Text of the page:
Trust in the Lord with all your heart and lean not on your own understanding; in all your ways acknowledge him, and he will make your paths straight. Proverbs 3:5-6
Does God allow everything that happens in your life? And, if so, does He really have a purpose behind each event, something unique which, perhaps, you cannot see, yet conforms to His plan? Long ago, Jeremiah wrote those words which declare God’s game plan for our lives. He recorded the message from the Almighty, saying, “For I know the plans I have for you," declares the Lord, "plans to prosper you and not to harm you, plans to give you hope and a future” (Jeremiah 29:11).
This appeals to us. Who doesn’t want to prosper and to sustain no harm? Bruce Wilkinson wrote a best-seller based on an entry in the book of Chronicles that goes, “Jabez cried out to the God of Israel, ‘Oh, that you would bless me and enlarge my territory! Let your hand be with me, and keep me from harm so that I will be free from pain.’ And God granted his request” (1 Chronicles 4:10).
But in promises such as these, we often see what we want to envision, not focusing on how God brings all of this about. Life is far less than always exciting with good things always happening. Babies are born who fight for life. We get laid off when we think we will be with that company until retirement. Our plans are put on hold when the doctor says, “I think you should know that you are faced with an uphill battle with cancer,” or when your neighbors become “pains in the neck.”
Then your heart cries out, “Hey, God, I thought you said everything would be great if I just followed your Son!”
While we live in an evil world, evil does not triumph because it is greater than God, so God uses the abrasive events and people which annoy us to soften us, to cause us to become more compassionate and tender, to become more like His Son who suffered and bore our grief. When difficulties come, it isn’t a reflection of God’s weakness, His inability to control your life, or His disinterest.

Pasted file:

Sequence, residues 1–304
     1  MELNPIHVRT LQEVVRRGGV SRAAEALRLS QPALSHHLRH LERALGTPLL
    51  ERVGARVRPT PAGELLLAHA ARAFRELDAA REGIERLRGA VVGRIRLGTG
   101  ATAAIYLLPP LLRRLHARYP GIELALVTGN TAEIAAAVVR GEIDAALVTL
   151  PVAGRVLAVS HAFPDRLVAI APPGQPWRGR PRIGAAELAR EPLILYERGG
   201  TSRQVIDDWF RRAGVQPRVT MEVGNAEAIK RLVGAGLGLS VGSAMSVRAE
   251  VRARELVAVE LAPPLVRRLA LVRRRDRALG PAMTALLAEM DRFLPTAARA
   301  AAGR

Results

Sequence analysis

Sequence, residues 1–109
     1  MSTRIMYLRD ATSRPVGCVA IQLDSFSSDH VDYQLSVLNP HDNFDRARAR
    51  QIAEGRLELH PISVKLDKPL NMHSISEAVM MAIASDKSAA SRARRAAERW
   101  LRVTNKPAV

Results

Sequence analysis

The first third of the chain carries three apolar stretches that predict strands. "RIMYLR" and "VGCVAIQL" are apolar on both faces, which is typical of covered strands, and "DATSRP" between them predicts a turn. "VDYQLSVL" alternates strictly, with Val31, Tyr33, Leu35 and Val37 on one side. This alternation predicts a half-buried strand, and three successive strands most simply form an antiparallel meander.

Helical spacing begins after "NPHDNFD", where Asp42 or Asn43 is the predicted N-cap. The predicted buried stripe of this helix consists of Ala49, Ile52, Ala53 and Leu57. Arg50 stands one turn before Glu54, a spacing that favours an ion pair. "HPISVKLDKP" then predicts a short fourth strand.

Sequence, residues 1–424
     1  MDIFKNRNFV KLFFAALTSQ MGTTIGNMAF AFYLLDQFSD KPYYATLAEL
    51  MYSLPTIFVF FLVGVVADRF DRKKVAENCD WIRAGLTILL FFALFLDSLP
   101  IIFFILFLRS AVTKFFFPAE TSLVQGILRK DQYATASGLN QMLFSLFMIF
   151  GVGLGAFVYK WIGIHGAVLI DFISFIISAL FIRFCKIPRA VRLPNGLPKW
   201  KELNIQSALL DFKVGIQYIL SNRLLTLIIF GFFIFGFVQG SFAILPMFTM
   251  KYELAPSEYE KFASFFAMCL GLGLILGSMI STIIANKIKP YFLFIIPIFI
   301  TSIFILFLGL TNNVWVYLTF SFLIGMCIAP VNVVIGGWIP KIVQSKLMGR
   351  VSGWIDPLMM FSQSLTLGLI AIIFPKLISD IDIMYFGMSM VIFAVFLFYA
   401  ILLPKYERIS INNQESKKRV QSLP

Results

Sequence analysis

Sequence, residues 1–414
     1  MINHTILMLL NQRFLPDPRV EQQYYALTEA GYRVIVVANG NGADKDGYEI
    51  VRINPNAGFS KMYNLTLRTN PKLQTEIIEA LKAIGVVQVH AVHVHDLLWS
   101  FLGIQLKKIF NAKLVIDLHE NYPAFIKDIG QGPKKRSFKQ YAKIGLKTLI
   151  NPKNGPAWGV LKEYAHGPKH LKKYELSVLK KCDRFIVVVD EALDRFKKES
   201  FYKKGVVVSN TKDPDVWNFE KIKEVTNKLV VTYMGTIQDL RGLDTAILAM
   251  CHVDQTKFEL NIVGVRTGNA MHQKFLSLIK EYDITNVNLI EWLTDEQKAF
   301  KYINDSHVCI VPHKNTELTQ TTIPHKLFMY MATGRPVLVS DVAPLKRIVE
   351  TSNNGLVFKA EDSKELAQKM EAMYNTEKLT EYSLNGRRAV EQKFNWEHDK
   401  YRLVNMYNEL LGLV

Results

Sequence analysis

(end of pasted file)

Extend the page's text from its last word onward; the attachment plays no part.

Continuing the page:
He’s there in times of suffering, in times of pain, in times of grief. So what do you do, when you don’t understand? Before I respond to that, ask yourself, “Did God ever promise that I would understand? And do I really need to understand provided He does?” “Without murmer, uncomplaining,/ In his hand,/ Leave whatever things thou canst not/ Understand,” wrote K. R. Hagenbach a generation go.
The late A. W. Tozer was a self-educated scholar and pastor, sometimes described as a mystic. He was a prophet who towered above his contemporaries when it came to knowing God and understanding His Word. In his book The Divine Conquest he wrote this: “To will the will of God is to do more than give unprotesting consent to it; it is rather to choose God’s will with positive determination. As the work of God advances, the Christian finds himself free to choose whatever he will and he gladly chooses the will of God as his highest conceivable good. Such a man has found life’s highest goal. He has been placed beyond the little disappointments that plague the rest of men.”
God’s purpose for your life also includes times of walking by faith. Does that mean you blindly stumble forward hoping that things will be OK in the end? No, because faith is living and acting in the belief that God is good and He will honor His word no matter how you feel.
That’s the only way Paul could say, “In everything give thanks, for this is the will of God in Christ Jesus concerning you!” (1 Thessalonians 5:18). Trust Him. He knows what He’s doing even when I don’t.
Resource reading: 1 Thessalonians 5.